While they often presented themselves as bodybuilders’ publications, their chuckle-prompting titles — Torso, Adonis, Honcho, Mandate — didn’t lie. Gay men’s magazines of decades past were bought by gay men who wanted to look at the erotic illustrations of well- built male bodies therein. Because any- one known to possess such material in the homophobic 1950s and 1960s could experience serious consequences, men hid the magazines under their mat- tresses. These illustrations have now inspired a traveling exhibition, Stroke: From Under the Mattress to the Museum Wall. Curated by notable erotic artist Robert W. Richards and orig- inating at the Leslie-Lohman Museum of Gay and Lesbian Art, the popular show contains 24 original illustrations that ap- peared in gay magazines from the 1950s to the 1990s. It also looks at how gay men, forced into the closet during those decades, used these pictures to explore their sexuality intimately. It additionally serves as a showcase for the artists in- volved. On view are works by two dozen top artists of the times, including Touko Laaksonen (Tom of Finland), Antonio Lopez (Antonio), and David Martin.More
Producer, writer, and activist who produced shows like All in the Family, Sanford and Son, and Maude, is awarded the 2016 Freedom of Expression Award after a screening of the new documentary Norman Lear: Just Another Version of You.More
At the main festival ground on Saturday July 23rd and Sunday July 24th at Fort Mason Center, we welcome many celebrities from Japan, including WORLD ORDER, Silent Siren, Wednesday Campanella, GARNiDELiA, Mitz Mangrove, and many more, and we will also host a variety of events, including J-POP LIVE concerts, Meet & Greet sessions, Q&A with special guests, Interactive Summit, Travel Pavilion, Ramen & Sake Summit, dance, karaoke,cosplay and'J-POP Queen' drag contests.More
In case you've been TaskRabbiting your way through life and haven't had the chance to leave the micro-loft to stroll the alleys and streets of central San Francisco, the number of homeless tent encampments in town is approaching epic levels — as in Hooverville and Great Depression levels.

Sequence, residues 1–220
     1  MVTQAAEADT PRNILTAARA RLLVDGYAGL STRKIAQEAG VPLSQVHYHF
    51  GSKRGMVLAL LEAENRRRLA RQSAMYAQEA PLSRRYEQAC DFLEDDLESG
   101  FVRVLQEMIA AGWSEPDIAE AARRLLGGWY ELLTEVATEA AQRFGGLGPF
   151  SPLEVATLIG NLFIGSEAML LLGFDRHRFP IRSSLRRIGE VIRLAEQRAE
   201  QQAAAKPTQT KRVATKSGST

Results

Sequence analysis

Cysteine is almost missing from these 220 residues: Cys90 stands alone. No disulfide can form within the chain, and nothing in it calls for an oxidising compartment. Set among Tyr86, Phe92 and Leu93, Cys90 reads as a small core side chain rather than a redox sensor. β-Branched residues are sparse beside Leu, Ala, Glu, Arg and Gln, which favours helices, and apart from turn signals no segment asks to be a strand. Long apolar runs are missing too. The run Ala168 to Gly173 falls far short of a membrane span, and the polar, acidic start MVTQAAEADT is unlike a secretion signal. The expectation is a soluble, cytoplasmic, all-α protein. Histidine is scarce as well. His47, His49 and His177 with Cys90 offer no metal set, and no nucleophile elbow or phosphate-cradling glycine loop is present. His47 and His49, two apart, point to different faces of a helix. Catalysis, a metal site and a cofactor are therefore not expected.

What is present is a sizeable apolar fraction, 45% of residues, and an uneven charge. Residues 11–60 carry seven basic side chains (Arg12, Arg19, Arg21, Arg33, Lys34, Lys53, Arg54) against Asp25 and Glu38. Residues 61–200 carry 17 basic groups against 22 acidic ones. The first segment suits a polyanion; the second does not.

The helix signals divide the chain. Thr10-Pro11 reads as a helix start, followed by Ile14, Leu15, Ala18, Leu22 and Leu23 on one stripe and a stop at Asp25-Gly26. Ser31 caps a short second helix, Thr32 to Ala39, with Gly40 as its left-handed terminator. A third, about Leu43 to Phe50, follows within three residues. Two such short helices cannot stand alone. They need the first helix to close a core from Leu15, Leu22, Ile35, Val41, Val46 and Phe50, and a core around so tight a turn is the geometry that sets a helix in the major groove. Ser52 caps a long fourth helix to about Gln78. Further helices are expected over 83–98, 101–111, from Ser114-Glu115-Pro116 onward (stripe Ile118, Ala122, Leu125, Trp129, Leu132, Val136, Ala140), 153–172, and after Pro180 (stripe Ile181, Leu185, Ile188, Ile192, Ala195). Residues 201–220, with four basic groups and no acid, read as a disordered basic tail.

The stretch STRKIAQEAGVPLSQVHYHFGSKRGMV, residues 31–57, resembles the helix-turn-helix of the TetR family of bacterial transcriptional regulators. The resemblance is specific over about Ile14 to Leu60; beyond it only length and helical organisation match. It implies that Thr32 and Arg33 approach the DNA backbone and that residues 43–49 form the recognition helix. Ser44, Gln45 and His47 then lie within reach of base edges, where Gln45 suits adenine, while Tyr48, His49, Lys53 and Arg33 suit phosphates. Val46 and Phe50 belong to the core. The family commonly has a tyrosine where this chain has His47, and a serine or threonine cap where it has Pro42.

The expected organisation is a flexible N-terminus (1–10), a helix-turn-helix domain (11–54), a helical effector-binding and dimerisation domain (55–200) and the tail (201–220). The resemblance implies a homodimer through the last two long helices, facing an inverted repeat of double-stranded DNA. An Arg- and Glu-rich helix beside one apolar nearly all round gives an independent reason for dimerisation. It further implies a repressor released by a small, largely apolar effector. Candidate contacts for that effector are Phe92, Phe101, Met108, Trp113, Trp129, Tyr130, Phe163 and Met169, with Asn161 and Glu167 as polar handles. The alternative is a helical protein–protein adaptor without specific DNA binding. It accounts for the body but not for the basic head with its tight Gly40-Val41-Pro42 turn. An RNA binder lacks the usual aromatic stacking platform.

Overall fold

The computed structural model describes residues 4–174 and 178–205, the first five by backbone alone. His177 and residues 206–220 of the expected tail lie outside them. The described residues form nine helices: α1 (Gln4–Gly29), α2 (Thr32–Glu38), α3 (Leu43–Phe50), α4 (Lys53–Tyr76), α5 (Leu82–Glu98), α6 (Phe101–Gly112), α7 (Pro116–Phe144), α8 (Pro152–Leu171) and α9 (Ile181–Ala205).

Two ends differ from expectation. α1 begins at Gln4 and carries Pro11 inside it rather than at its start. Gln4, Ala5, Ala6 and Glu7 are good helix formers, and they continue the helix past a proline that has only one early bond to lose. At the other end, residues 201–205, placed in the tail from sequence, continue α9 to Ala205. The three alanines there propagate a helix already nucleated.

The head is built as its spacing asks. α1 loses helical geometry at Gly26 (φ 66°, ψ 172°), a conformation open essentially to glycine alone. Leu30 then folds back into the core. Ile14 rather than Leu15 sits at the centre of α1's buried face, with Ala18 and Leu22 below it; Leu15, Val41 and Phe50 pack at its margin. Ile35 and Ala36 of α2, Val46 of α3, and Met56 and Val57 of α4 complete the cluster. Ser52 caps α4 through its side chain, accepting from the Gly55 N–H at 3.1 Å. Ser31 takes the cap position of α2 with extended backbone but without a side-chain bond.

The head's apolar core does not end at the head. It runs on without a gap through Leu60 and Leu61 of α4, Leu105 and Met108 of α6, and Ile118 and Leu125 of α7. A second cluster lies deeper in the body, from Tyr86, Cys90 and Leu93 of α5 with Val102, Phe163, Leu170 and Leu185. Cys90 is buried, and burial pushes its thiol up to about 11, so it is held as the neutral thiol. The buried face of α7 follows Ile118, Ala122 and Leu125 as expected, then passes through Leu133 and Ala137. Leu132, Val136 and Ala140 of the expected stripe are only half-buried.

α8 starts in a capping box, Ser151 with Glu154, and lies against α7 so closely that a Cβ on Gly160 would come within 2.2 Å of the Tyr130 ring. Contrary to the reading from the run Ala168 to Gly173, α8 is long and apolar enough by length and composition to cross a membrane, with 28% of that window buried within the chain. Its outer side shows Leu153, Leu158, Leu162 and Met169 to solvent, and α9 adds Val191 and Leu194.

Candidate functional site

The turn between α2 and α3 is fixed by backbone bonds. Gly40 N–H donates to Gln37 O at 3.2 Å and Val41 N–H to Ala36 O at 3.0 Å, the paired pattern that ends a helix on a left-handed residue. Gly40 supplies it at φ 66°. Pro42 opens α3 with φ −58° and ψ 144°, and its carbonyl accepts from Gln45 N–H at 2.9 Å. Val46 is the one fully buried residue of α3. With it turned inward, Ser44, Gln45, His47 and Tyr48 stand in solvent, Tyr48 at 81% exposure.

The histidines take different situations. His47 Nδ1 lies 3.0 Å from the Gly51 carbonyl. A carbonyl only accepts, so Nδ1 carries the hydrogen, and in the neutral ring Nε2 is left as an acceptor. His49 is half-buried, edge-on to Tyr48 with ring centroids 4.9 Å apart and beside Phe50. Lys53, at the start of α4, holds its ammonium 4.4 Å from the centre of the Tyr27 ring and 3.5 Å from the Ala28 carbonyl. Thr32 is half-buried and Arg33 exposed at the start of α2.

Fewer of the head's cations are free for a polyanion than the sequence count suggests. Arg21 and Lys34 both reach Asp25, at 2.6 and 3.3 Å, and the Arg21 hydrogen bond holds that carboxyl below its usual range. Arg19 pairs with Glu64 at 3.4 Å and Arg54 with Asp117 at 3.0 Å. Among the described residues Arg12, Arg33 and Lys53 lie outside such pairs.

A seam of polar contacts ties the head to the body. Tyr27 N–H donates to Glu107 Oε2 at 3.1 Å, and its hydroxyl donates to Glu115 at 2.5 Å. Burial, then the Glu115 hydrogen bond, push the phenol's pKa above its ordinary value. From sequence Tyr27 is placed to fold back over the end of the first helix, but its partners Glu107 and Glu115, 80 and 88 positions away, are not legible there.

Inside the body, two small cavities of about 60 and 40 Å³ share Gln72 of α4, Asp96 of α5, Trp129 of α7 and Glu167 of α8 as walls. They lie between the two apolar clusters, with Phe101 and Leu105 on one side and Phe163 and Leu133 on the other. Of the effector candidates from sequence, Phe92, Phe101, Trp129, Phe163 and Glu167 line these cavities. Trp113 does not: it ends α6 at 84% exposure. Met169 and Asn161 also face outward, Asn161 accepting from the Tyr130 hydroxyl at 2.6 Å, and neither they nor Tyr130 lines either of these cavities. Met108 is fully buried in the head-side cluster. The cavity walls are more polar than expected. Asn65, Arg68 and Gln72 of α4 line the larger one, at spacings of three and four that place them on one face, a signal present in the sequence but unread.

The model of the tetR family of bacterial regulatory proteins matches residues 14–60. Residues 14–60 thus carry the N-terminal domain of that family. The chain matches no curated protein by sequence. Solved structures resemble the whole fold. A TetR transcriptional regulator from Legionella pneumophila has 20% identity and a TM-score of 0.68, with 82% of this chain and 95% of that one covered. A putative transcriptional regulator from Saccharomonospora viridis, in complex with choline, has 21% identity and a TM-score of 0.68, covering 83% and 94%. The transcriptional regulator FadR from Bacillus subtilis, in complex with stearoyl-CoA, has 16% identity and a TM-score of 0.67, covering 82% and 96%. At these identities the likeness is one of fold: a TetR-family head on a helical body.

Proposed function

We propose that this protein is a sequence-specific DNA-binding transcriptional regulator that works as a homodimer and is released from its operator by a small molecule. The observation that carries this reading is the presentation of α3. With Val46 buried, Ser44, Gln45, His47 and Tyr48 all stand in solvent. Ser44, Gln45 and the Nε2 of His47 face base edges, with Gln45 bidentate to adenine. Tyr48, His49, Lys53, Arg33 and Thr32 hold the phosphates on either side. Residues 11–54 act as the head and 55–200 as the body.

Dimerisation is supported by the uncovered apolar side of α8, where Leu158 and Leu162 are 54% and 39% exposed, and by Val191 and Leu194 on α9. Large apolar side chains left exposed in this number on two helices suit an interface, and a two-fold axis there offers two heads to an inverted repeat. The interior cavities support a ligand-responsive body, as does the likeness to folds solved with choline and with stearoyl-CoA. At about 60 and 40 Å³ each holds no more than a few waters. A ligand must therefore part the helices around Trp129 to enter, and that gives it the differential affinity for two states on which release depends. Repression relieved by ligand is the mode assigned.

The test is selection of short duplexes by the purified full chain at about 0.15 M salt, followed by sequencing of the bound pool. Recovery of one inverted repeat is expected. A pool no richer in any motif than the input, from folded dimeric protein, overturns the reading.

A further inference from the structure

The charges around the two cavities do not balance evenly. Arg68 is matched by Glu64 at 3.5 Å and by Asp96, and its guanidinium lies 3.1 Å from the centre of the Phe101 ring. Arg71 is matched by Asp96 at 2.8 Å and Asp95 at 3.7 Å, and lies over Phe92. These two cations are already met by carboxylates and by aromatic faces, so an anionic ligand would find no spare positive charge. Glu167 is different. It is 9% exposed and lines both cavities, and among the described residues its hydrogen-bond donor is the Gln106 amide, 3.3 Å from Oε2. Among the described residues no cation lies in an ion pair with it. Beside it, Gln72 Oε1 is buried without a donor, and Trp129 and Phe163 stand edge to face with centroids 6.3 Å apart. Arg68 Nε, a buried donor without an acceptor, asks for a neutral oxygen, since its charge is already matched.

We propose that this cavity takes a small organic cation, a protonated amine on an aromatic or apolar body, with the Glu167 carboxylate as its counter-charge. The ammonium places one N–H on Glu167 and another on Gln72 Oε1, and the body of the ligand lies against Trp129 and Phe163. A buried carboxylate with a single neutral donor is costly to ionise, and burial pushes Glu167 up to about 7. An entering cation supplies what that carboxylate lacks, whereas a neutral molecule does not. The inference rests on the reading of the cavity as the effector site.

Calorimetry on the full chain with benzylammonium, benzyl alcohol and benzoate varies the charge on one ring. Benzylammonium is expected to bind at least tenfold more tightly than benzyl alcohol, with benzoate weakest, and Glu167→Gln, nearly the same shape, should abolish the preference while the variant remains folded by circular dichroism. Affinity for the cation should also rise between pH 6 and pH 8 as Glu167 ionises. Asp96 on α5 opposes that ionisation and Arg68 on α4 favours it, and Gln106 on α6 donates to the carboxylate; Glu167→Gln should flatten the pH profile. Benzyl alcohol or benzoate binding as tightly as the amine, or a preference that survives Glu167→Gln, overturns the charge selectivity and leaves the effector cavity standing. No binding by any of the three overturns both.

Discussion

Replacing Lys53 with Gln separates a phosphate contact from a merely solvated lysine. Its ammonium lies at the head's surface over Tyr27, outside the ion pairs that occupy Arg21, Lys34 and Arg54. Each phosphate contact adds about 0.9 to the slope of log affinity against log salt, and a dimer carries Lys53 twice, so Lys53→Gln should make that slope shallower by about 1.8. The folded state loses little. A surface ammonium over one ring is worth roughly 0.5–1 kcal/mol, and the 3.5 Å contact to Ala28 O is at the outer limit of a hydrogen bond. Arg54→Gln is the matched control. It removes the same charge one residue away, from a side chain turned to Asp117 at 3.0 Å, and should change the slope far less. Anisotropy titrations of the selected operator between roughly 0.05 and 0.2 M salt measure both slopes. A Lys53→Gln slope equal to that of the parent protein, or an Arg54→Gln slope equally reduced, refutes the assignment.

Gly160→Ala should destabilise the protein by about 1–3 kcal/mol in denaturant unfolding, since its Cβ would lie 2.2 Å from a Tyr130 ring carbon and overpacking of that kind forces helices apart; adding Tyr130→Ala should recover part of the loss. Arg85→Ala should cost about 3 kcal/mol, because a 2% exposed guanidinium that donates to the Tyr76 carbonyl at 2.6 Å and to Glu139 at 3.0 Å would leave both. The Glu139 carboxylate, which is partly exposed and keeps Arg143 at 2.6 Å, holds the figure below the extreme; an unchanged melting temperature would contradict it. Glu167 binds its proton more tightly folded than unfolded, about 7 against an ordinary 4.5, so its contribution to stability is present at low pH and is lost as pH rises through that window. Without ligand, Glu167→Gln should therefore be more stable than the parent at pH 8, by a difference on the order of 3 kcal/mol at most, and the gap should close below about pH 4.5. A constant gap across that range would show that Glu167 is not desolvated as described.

You want a history lesson? Take a class. You want clanging swords, sneering villains, storybook romance, and bloody vengeance? Mongol is a brawny old-school epic to make the CGI tumult of 300, Alexander, and Troy look like sissy-boy slap parties. Do not scorn the weak cub; he may become the brutal tiger, the opening title card reads, and Russian director Sergei Bodrov (Prisoner of the Mountains) shrewdly casts this reverent retelling of Genghis Khan: The Early Years not as the rise of an emperor, but as a classic underdog tale. Using mostly real extras, stuntwork, and staggering locations, Bodrov recounts the 13th-century conquerors path from childhood enslavement to tender lover, doting dad, all-around square dealer, and oh yeah builder of the Mongol Empire. As storytelling, aside from its unobtrusive flashback structure, the movie is as straight as the arrows that fly in close-up a CGI trick that, like most of the movies limited digital effects, is more effective for being seldom used. Its powered by a quietly commanding lead performance by Japanese actor Tadanobu Asano, and by the forceful evocation of its physical details: horses traversing a field of boulders, the heft of its bulky costumes. Last years Academy Award nominee from Kazakhstan for Best Foreign Film, Mongol is purportedly the first in a multifilm saga on the wrath of Khan; as such, its probably the last thing youd expect great fun.
June 20-July 17, 2008